Probably Dido [“Don’t Believe in Love (Dennis Ferrer’s Objektivity Remix)”]. It was one that flew under the radar, yet it got me a Grammy nomination. That’s not the reason why, though. It has more to do with how much I suppose Sony and [Dido’s] fans didn’t understand what I was attempting to do. Here I was taking [this] Dido song, adding techy references, [turning it] into something you can dance to. It was too far ahead and I listen to what comes out today and say, “Damn, I wasn’t too far off.” They just didn’t get it [laughs]. For what it’s worth, I still don’t know how I made that main sound in the riff. I’ve been trying to figure that one out for a while now.

Tell us about your musical upbringing. Were you self-taught? You have great skills on the keys. Did you take piano lessons as a kid?

Self-taught. Though, I’ve been trying to officially learn how to play properly for years now and only recently have taken it very seriously. I’ve just had this uncanny knack for being able to express just barely what I need to get out in order to make a record. I’ve spoken in slang for so long that I’ve grown tired of it. If you can’t speak a language properly then it becomes difficult to fully express yourself. I have so much I want to say and I can only stammer and stumble it all out. When I was younger I didn’t give two fucks, but now I realize the error. You act ghetto for too long, you remain ghetto. You can’t get mad when you’re invited to the bankers meeting and they’re speaking millions and your stuck on dollars. It’s frustrating. I’m actually amazed I’ve gotten this far.

What kind of music did you listen to growing up?

It was so varied. As a kid in NYC, it was a fun time in the ’80s. There was disco, the beginnings of hip-hop, New Wave, real R&B, and very interesting dance records. It was everywhere. I have fond recollections of “Dominatrix Sleeps Tonight,” Taana Gardner’s “Heartbeat,” Tom Tom Club, Michael Jackson’s “Pretty Young Thing,” S.O.S Band, [and] Vaughan Mason & Crew’s “Bounce, Rock, Skate, Roll.” You could hear this anytime, anywhere at a block party in the middle of a block in the Bronx.

If you could give advice to your younger self, what would it be?

“You stupid fuck! Get your ass in there, practice, and learn the piano properly. And while you’re at it, hit that effin’ guitar or the drums. TRUST ME, YOU’RE GONNA NEED IT!”

Technology can only get you so far, kids. Sooner or later you have to rely on real skills and music theory. Otherwise, you’re just faking it. You can try like I did to convince yourself for years that what you do is credible, but [when] you begin to play with the big boys, in the big circuit, you’ll feel inadequate; and trust me, you’re gonna hate that. Though some people are content to be the big fish in the little pond, but that’s a story for a different interview.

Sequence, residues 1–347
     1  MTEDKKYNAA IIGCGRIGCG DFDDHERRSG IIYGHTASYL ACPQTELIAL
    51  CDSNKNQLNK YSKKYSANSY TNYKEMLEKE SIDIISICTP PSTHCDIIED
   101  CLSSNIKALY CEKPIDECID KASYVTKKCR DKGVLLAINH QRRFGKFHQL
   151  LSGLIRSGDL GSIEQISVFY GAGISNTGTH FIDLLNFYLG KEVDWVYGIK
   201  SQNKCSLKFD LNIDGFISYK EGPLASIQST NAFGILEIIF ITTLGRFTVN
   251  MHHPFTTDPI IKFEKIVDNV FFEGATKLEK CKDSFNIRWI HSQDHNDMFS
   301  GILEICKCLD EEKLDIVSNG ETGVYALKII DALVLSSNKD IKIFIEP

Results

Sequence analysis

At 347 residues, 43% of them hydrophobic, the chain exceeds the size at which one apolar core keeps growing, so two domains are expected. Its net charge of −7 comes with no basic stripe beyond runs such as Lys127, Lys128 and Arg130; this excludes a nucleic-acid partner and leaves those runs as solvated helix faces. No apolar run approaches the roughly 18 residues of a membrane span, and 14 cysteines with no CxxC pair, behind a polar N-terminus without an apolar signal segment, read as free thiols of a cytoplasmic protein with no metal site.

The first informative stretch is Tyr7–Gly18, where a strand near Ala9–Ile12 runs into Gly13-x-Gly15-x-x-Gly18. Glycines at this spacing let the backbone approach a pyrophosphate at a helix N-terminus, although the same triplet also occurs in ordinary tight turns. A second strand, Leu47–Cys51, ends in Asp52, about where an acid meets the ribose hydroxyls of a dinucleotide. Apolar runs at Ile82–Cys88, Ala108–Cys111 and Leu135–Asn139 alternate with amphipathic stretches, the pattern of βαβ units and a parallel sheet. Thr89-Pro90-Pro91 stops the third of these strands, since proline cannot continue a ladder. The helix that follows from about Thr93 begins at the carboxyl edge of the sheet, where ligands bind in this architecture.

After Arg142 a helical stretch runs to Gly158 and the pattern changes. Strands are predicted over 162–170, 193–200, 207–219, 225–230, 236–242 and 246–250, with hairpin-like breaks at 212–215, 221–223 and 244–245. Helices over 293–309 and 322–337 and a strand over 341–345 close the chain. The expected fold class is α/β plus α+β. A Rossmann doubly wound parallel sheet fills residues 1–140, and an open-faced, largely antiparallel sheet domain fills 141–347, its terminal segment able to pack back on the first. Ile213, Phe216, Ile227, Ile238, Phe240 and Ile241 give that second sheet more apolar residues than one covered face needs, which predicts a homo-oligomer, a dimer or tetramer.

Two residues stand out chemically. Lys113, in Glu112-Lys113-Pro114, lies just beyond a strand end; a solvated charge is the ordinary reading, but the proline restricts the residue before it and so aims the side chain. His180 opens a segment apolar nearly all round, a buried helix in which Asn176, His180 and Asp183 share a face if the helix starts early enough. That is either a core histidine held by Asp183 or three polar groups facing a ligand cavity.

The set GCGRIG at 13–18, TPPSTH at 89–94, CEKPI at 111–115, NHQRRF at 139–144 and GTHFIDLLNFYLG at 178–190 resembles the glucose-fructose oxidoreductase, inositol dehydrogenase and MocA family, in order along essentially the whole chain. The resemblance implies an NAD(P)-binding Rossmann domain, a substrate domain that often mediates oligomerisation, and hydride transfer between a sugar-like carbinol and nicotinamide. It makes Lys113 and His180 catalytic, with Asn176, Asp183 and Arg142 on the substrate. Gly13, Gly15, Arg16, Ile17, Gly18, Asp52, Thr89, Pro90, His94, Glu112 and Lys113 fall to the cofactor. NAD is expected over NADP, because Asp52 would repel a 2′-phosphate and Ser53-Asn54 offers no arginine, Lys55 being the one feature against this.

What is your favorite instrument or piece of studio equipment?

I have so many favorites. Honestly, though, it falls between two—my Fender Rhodes 73 suitcase or my vintage Sonor Phonics drum kit. My analog synths—and they’re no slouches—of course, come a very close and tight third.

Tell us about your workflow in producing originals versus doing remixes. How do they differ?

Well I think some of the pressure is off when you remix, as half the job is pretty much done for you. The stress of writing lyrics is hard, and the added stress of writing competent ones is even worse. All the while, add the stress of having some sort of decent production and you find that it’s no wonder that tracks/instrumentals tend to be the released norm of the day. There’s a different skill set that [is] necessary to do this. Remixes are the easy ones; you’re just adding meat to the skeleton and making sure you don’t get in the way too much. (Another skill set and another conversation for another day.) Originals tend to be a feeling [or] emotional state kind of thing. I may have heard a saying, had an argument, a reflection, a reaction—positive or negative—and I’ll keep a note of it. I sit down and sketch out what I’m trying to convey; leaving it as open for interpretation as possible, as I believe that being direct is kind of cheesy most of the time. Yet, I’ll agree it does sometimes have its place. I’ll begin to sketch out a mental melody, humming it and driving anyone within a three-meter radius crazy because the whole instrumentation is happening in my head, yet all you hear is BOOM CHICKA BOOM CHICK BOOM CHICKA BOOM CHICK. I get it into Cubase or Ableton, and I just continue fine-tuning until it makes sense—which could take hours or months. I’m not in a rush. I’d rather it be right than to later feel like I took everyone’s money. So round and round I go, and eventually, voila!

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What is the most important thing to making a song groove? To giving it that soul?